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University of Washington Huskies Football

Assessing UW’s 2023 recruiting class and where the Huskies must still improve

UCLA Bruins linebacker Laiatu Latu (15) tackles Washington Huskies running back Wayne Taulapapa (21) in the end zone for a safety in the first quarter at the Rose Bowl on Sept. 30, 2022, in Pasadena, California.  (Tribune News Service)
By Mike Vorel Seattle Times

SEATTLE – It’s been more than three months since Washington last received an oral commitment from a recruit in the 2023 class.

Of course, that shouldn’t necessarily qualify as cause for concern, considering Kalen DeBoer’s crew previously earned 19 commitments – 15 of which arrived in June and July. The Huskies successfully converted spring official visits into summer commitments, and DeBoer said last week that “we’re pretty locked in on the level of caliber we’re getting and excited about who’s coming into the program.”

During UW’s commitment dry spell, that class dipped to 27th in the nation and third in the Pac-12 via 247Sports, behind No. 11 Oregon and No. 13 USC. And yet, 247Sports national recruiting editor Brandon Huffman is impressed by the Huskies’ progress.

“Their early evaluations on guys that ended up being risers shows they trust their evaluation process,” Huffman said Tuesday. “I like what they’ve done with this class. They’ve addressed some needs and expanded their geographical footprint of where they’re going to recruit. They’ve got somebody committed at every position but tight end. Across the board they’ve done a good job of identifying needs. They didn’t just sit in the same geographical locations they’ve always recruited. They expanded and found they could have some success in some of those parts of the country.”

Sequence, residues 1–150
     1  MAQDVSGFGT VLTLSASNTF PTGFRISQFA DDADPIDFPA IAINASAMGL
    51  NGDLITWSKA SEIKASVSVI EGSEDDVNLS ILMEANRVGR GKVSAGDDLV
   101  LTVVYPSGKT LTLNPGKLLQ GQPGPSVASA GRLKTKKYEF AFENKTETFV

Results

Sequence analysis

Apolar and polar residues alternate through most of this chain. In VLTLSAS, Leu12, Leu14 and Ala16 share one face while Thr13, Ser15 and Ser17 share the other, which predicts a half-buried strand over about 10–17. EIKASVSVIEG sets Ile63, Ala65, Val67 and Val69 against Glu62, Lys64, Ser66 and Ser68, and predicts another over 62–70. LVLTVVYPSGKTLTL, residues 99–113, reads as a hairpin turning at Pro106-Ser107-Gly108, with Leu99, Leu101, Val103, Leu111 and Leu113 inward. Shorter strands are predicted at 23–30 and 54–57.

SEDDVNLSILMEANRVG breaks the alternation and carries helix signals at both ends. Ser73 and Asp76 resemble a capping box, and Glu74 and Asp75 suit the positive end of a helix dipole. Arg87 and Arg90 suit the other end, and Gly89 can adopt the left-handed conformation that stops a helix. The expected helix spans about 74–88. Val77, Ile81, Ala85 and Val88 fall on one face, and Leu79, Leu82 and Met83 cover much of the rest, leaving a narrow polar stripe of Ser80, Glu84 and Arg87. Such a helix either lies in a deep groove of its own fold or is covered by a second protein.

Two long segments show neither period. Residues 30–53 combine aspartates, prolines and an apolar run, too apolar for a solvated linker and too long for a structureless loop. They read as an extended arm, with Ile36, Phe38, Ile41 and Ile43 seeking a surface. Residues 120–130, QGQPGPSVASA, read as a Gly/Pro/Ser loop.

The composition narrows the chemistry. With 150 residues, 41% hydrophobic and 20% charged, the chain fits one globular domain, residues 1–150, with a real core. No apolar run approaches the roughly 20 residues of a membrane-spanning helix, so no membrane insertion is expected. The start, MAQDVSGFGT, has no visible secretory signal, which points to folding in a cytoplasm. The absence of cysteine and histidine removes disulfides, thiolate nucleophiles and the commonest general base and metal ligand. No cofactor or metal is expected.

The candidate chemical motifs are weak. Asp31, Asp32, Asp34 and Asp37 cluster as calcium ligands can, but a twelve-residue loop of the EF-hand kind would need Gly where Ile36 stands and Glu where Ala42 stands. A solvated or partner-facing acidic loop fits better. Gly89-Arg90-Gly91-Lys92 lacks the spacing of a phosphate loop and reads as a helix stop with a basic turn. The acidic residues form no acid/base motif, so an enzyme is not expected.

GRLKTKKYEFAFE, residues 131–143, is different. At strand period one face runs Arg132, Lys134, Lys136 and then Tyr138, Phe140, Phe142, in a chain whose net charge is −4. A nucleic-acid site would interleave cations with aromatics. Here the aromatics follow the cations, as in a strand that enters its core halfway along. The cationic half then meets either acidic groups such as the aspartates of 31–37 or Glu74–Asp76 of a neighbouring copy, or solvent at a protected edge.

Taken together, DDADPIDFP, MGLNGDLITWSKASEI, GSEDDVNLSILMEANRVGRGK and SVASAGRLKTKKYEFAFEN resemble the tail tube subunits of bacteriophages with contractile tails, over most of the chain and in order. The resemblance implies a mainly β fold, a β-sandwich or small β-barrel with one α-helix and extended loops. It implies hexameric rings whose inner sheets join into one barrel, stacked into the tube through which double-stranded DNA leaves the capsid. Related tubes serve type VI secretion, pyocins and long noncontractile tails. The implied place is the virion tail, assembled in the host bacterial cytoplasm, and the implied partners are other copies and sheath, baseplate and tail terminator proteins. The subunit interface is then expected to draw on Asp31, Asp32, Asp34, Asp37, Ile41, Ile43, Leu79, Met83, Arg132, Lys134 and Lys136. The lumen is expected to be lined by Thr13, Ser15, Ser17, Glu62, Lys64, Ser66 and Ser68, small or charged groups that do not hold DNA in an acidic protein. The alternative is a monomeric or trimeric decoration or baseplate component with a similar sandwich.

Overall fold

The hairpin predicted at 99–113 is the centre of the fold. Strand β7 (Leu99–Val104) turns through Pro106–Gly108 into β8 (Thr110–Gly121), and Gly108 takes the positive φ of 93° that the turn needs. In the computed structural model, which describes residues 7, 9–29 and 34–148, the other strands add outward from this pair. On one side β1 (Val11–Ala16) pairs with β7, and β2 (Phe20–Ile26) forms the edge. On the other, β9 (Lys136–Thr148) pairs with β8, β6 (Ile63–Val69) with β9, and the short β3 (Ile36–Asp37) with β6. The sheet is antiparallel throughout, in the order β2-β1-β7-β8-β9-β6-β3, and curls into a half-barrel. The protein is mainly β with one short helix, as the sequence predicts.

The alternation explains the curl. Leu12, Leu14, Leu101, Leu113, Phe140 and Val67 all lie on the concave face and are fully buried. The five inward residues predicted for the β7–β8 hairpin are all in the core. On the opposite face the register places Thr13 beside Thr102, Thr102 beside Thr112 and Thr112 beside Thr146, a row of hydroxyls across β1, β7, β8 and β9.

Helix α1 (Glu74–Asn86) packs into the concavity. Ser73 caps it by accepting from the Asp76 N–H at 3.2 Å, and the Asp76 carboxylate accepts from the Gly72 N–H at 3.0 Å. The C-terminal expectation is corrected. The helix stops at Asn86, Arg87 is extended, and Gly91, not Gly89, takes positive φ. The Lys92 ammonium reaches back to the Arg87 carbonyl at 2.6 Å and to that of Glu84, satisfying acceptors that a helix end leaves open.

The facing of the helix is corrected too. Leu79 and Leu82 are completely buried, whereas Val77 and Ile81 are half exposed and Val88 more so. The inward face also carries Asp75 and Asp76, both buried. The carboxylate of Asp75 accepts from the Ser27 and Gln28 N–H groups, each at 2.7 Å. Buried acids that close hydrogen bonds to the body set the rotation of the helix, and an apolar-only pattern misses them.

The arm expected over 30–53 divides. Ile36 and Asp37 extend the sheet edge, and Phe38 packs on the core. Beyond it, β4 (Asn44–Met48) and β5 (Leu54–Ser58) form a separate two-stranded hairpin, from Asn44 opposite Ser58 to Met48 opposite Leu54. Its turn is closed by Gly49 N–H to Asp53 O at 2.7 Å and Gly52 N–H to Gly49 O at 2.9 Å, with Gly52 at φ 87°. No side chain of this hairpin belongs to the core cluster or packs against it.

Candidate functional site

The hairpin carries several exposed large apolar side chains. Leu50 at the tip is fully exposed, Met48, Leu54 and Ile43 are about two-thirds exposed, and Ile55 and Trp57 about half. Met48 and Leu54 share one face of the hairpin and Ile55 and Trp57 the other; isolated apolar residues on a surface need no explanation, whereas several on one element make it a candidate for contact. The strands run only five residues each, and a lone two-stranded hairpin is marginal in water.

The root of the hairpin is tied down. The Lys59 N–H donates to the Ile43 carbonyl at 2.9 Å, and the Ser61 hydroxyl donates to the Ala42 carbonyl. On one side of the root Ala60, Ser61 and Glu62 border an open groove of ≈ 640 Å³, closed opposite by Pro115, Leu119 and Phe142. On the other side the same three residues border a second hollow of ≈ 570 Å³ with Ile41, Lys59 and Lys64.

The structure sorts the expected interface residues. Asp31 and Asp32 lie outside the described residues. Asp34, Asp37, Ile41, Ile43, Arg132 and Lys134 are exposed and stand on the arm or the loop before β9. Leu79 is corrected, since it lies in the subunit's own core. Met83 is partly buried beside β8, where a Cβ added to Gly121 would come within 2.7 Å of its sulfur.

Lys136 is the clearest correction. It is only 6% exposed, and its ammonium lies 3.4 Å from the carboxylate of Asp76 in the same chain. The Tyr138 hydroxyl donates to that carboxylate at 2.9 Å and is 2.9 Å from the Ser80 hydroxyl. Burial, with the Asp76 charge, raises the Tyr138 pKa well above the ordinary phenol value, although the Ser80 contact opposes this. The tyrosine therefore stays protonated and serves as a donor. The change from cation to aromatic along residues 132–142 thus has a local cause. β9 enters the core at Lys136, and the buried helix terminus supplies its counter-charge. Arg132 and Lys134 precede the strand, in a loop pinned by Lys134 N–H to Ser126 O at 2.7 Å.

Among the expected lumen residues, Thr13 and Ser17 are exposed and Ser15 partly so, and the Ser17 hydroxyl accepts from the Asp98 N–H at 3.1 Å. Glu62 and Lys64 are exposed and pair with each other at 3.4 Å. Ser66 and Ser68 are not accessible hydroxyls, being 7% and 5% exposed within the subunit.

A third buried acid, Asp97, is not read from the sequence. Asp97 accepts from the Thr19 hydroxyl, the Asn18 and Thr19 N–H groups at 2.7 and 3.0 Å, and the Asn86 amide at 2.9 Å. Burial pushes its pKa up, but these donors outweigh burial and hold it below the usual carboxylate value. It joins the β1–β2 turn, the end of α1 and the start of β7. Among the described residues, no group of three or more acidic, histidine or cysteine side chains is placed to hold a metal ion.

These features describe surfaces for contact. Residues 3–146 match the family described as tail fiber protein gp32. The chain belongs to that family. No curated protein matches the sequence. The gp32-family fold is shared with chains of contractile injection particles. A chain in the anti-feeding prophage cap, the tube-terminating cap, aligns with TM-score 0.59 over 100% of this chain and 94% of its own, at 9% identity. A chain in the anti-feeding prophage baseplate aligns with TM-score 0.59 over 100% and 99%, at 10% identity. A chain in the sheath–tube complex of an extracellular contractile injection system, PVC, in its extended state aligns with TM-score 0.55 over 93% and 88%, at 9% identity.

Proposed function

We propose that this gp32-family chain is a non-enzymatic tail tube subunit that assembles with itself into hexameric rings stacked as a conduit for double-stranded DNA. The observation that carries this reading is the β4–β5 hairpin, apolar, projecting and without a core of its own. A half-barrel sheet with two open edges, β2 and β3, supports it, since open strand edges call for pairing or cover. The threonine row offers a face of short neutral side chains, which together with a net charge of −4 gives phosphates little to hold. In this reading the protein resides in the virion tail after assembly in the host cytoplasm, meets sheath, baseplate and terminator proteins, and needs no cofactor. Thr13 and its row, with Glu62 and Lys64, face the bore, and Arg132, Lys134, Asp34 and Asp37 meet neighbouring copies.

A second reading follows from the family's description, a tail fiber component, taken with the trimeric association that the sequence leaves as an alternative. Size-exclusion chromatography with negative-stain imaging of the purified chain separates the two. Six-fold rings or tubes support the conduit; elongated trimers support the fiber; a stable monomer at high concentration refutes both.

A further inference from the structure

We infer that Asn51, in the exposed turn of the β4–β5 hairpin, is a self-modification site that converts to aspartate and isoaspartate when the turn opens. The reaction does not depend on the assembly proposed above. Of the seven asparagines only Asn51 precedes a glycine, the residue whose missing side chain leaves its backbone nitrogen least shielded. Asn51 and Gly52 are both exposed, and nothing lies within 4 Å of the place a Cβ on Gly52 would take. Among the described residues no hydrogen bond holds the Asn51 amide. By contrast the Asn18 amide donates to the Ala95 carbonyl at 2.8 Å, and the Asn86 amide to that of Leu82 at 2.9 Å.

The Huskies went into South Dakota to secure quarterback Lincoln Kienholz, to Louisiana to corral four-star corner Curley Reed, and to Minnesota to lock down defensive lineman Elinneus Davis.

Perhaps more important, they’ve addressed a glaring need in the secondary – earning commitments from Reed, four-star safety Vincent Holmes and three-star corners Leroy Bryant and Diesel Gordon.

“I definitely think their secondary (class) is strong,” Huffman said. “Vincent Holmes has steadily risen. Curley Reed was already (ranked) high. But you throw in guys like Leroy (Bryant) and Diesel Gordon, who plays good Texas football, and I think they’ve done a really good job – especially with the dearth of corners out West.

“Vincent Holmes probably settles in at safety. He’s got positional versatility. But they’ve really addressed the needs specifically at the corner position, too. It’s not a great safety class out West at all, and corner is slightly better. But they’ve done a great job. There’s not a lot of great corners out West, so they go to Texas (Gordon) and Louisiana (Reed) to get some.”

Of course, a class’ perceived success or failure often hinges on its quarterback, and Kienholz is an athletically intriguing dual threat QB. The 6-foot-3, 185-pounder from Pierre, South Dakota – who chose the Huskies over Wisconsin, Illinois, Kansas State, Minnesota, Pittsburgh, Washington State, Wyoming, North Dakota State and more – is ranked as a three-star prospect and the No. 29 quarterback in the 2023 cycle by 247Sports.